High arctic plants like it hot: a long-term investigation of between-year variability in plant biomass across habitats and species

René Van Der Wal*, Audun Stien

*Corresponding author for this work

Research output: Contribution to journalArticle

52 Citations (Scopus)

Abstract

The Arctic is viewed as most sensitive to climate warming and subject to a general greening. Yet, summer weather conditions, which differ greatly among years, are believed to have little direct effect on arctic plant productivity. The dominant view is that between-year variation in aboveground plant biomass is small and poorly related to weather conditions in the same year in the Arctic. Here, we test this view based on a 12-year investigation of peak plant biomass among habitats, plant functional types, and species in high-arctic Svalbard.

Our study revealed twofold variation (range 23–46 g/m2) in plant biomass between years, this being strongly related to summer temperature (r = 0.92). Importantly, we found strong plant biomass–summer temperature relationships across habitats, plant functional types, and species, and little evidence for a lagged effect of previous year's biomass. Responses were of similar orders of magnitude, indicating that summer weather conditions were the key driver of plant productivity at all three levels of investigation.

We propose three key factors behind such tight relationships between summer temperature and plant biomass in the same year. First, our methodological approach, a combination of nondestructive shoot density estimates in small, permanent plots and destructive shoot mass estimates outside these plots, allowed us to overcome the otherwise overwhelming small-scale spatial heterogeneity in aboveground plant biomass typical for high-arctic tundra vegetation. Second, the high-latitude location (78° N) makes the vegetation most susceptible to temperature differences due to their influence on process rates. Third, Svalbard's oceanic nature dictates prevalent cloud cover, making summer temperature a good proxy for light availability and thus an index of photosynthetic activity required for plants to produce biomass.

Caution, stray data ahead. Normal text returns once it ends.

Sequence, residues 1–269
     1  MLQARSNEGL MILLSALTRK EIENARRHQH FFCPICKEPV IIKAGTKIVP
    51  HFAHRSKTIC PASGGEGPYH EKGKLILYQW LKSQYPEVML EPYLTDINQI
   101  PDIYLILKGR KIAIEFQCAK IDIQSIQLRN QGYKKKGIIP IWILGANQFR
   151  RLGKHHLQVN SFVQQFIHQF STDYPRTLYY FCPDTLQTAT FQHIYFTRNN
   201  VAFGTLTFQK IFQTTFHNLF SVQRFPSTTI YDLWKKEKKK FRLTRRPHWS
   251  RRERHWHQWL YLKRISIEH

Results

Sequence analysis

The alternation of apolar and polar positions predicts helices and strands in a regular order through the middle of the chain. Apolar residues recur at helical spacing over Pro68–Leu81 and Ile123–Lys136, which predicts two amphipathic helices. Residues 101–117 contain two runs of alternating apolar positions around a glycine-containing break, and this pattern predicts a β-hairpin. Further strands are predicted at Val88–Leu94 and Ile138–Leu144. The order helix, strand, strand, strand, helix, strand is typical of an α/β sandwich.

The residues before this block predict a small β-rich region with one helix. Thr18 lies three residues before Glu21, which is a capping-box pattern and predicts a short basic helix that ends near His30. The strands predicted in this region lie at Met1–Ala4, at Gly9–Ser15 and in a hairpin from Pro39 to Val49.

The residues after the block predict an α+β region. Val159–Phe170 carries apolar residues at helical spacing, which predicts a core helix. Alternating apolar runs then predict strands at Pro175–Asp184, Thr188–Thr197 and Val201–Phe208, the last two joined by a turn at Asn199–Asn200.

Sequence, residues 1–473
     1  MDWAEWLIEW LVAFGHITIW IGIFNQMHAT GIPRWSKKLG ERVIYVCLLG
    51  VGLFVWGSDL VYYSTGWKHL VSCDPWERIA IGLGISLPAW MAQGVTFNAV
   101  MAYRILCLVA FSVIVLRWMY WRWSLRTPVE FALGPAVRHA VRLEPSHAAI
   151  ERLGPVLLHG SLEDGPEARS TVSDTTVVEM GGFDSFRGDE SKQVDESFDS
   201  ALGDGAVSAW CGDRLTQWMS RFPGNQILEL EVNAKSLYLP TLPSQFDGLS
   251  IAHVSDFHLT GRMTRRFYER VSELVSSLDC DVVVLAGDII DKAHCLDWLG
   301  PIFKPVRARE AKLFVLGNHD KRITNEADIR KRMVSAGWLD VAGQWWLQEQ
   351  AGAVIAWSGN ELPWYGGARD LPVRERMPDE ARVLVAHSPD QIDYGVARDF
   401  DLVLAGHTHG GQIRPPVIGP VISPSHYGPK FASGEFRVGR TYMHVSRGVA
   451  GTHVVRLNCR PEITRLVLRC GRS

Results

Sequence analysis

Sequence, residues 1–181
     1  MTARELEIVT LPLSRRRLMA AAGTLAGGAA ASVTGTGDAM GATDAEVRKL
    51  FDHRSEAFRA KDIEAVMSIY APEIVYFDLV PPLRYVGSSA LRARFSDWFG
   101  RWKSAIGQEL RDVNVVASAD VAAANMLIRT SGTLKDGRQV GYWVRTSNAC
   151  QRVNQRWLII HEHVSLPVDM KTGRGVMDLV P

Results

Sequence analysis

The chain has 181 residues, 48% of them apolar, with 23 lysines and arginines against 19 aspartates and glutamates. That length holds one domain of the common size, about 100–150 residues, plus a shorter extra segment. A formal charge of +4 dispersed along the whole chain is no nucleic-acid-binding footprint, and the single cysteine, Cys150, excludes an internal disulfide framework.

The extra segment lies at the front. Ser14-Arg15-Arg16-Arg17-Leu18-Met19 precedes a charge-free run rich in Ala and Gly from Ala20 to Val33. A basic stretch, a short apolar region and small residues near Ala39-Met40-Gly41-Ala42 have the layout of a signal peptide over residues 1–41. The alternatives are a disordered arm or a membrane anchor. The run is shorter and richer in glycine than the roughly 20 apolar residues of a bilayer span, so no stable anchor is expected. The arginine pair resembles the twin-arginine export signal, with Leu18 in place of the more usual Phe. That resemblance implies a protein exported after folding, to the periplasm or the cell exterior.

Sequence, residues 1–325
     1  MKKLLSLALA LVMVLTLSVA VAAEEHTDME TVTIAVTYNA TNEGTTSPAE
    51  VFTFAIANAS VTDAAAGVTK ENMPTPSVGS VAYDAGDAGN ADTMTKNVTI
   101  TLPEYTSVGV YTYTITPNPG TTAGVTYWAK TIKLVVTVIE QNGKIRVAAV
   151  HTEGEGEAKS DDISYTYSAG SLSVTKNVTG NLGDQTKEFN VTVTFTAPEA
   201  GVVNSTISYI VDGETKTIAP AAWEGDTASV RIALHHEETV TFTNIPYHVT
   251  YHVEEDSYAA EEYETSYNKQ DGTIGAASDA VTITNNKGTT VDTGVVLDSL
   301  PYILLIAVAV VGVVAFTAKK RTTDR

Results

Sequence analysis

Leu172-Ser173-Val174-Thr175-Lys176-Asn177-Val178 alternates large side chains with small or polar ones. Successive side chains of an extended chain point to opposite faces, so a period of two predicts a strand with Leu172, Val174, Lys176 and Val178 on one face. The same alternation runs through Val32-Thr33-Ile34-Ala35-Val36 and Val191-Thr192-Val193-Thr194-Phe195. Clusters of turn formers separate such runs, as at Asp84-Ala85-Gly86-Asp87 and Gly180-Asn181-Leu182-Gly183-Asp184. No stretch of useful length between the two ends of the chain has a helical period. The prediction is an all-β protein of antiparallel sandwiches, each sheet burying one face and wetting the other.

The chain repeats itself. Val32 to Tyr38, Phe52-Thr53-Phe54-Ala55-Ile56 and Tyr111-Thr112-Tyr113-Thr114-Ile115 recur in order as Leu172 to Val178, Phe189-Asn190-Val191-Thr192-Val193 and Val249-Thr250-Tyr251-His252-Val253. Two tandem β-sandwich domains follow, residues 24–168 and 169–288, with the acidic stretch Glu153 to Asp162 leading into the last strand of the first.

The present study challenges the prevailing notion that relationships between summer weather and vascular plant performance in the Arctic are weak and highly variable among plant species. This has important implications for our understanding of how and at which temporal scales future climate change will shape arctic plant productivity and, in turn, the dynamics of other ecosystem components in the low-productivity, bottom-up regulated ecosystems of the High Arctic.
Original languageEnglish
Pages (from-to)3414-3427
Number of pages14
JournalEcology
Volume95
Issue number12
Early online date1 Dec 2014
DOIs
Publication statusPublished - Dec 2014

Keywords

  • climate change
  • high-arctic Spitsbergen
  • July temperature
  • long-term study
  • permanent plots
  • plant community biomass
  • plant functional type
  • Svalbard
  • tundra ecosystem
  • vegetation

Fingerprint Dive into the research topics of 'High arctic plants like it hot: a long-term investigation of between-year variability in plant biomass across habitats and species'. Together they form a unique fingerprint.

Cite this